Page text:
Climate Response
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How will climate impact life's essentials:
food, water, shelter, and energy?
Can we develop technologies to
reduce CO2 levels?
Can we make better predictions of
the near future?
How will ocean warming and
acidification impact ocean life?
How are land and ocean
ecosystems changing?
How will climate impact life's
essentials: food, water, shelter,
and energy?
Can we make better predictions of
the near future?
How will ocean warming and
acidification impact ocean life?
How are land and ocean
ecosystems changing?
Can we develop technologies
to reduce CO2 levels?
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All living organisms have a symbiotic relationship with the natural world. The very existence of life depends on the physical and chemical conditions of our exceptional planet, and close prehistoric ties between climate and life are embedded in the geologic record of Earth history.

Earth’s climate is now changing faster than at any time in human history — changes that impact every facet of human existence such as our secure access to food, water, shelter, and health, and the vitality of land and ocean ecosystems that sustain all life.

Our planet’s predicament calls for action. Columbia scientists are committing to accelerate our understanding of how climate impacts life’s essentials, to build better predictions of the future, and to develop viable solutions to build a prosperous, low-carbon future.

Climate Impacts

How will climate impact us? We want to understand how climate change will impact those things we care about most: food, water, shelter, energy, and health. How will climate impact crop growth and food availability? What are the risks to human life and property from climate and extreme weather? How are human activities changing land use, ecosystems, and biodiversity? How are the oceans changing? Can we improve sea level rise estimates? These big questions need urgent answers.

Better Predictions

When and where will these changes occur? As a pioneering leader in seasonal to interannual climate prediction, Columbia will lead new efforts to skillfully predict future climate change and regional variability on timescales of years to decades into the future. The oceans are changing rapidly as well, and we need to understand how warming and acidification impact marine life and ecosystems. A focused effort to understand our immediate future can guide human adaptation and build resilience.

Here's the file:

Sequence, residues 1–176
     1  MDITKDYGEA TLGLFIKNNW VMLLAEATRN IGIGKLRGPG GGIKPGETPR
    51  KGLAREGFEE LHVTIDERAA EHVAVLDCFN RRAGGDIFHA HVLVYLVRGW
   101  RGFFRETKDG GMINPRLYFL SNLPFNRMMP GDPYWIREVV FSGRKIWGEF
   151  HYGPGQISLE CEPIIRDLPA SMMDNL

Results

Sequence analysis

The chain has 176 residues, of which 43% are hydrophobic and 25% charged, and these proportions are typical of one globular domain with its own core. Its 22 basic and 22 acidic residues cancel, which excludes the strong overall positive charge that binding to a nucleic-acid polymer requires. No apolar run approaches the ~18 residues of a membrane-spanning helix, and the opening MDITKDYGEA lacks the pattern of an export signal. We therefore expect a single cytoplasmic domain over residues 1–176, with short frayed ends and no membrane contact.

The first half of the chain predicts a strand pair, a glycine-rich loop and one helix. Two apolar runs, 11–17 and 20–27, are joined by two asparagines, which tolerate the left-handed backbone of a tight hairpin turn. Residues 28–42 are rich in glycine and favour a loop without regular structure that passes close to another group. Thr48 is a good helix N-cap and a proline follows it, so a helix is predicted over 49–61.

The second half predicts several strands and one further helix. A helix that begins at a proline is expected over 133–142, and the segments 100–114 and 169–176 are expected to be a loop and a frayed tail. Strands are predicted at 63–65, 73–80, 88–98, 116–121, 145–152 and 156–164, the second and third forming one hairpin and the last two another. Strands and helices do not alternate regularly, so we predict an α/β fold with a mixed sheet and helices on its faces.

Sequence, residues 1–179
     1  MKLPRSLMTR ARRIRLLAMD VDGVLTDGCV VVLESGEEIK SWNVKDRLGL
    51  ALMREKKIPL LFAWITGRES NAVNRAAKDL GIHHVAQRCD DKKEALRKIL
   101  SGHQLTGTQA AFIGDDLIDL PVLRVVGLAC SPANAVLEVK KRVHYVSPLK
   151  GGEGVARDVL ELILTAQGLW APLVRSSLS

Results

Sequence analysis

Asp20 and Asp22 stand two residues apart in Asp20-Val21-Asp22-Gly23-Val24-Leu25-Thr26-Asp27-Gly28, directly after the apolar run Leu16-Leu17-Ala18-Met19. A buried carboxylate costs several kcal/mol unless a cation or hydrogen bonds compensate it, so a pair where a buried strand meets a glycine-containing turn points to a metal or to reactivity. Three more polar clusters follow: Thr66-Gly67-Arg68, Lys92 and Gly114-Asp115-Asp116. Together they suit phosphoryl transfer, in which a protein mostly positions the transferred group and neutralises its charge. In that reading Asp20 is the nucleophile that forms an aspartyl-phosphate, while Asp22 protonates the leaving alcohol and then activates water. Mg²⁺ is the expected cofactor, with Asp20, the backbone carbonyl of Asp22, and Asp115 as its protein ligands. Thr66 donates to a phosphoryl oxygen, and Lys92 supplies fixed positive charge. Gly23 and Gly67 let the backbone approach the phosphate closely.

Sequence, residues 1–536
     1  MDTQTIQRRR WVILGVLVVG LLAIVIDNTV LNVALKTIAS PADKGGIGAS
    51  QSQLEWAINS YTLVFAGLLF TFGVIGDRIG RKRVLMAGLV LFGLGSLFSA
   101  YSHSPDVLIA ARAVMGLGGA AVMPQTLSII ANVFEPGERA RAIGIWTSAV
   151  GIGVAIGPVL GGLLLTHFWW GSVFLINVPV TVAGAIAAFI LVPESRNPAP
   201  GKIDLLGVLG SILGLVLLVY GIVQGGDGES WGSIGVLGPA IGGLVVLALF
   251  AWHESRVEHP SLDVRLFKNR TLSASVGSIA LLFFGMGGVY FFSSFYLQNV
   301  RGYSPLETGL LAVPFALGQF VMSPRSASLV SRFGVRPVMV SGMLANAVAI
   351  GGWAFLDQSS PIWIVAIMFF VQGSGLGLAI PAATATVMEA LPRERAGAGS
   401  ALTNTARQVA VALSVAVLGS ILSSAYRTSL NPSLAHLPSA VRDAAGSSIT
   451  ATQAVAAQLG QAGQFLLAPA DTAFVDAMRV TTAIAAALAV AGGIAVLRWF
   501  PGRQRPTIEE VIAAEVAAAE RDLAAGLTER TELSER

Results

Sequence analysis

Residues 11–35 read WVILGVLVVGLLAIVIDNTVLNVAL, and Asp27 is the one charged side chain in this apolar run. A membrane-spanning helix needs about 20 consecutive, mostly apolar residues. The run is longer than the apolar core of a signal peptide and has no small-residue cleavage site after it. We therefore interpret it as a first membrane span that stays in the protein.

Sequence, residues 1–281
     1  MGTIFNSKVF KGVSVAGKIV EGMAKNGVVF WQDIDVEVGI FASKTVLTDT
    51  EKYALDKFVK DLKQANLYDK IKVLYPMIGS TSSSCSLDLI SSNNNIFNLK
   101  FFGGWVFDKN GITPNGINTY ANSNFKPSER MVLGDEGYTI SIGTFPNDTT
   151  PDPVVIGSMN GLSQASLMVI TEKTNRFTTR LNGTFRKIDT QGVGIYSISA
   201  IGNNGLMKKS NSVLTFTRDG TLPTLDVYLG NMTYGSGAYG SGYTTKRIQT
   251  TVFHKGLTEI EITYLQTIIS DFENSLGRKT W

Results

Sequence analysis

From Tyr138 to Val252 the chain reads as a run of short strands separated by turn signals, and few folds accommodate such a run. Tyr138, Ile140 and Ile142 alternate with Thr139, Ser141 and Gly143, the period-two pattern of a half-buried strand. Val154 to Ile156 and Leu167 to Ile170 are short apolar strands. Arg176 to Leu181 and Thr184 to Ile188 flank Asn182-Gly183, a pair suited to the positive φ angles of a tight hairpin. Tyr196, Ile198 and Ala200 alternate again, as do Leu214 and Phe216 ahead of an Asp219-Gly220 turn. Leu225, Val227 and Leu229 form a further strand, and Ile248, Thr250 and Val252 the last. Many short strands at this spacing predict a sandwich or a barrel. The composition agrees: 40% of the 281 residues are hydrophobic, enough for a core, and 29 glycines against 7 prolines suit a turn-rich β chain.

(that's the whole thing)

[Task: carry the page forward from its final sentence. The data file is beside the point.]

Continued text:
Advancing Solutions

Solutions to climate change will involve spurring innovation to manage carbon emissions and repowering the planet to guide deep decarbonization of the economy. Columbia scientists are developing technologies that will capture carbon dioxide from the atmosphere and store it in underground rock formations as inert carbonate minerals. Our nanotechnology scientists are developing new, more efficient, less expensive solar photovoltaic nanomaterials.


  • Forecasters are expecting another La Niña winter for the 2017-2018 season. The phenomenon can cause major changes in climate patterns that can influence water availability, food production, human health, and extreme weather events around the globe.
  • Kate Marvel, an associate research scientist at NASA Goddard Institute for Space Studies and the Columbia Engineering School, is among a phalanx of researchers across the University who concentrate on climate change, adaptation, and sustainability.
  • Concurrent with the announcement that human carbon emissions reached a new peak this year, Galen McKinley, a researcher at Columbia University’s Lamont-Doherty Earth Observatory, discusses the difficulties of tracking the sources and destinations of carbon dioxide.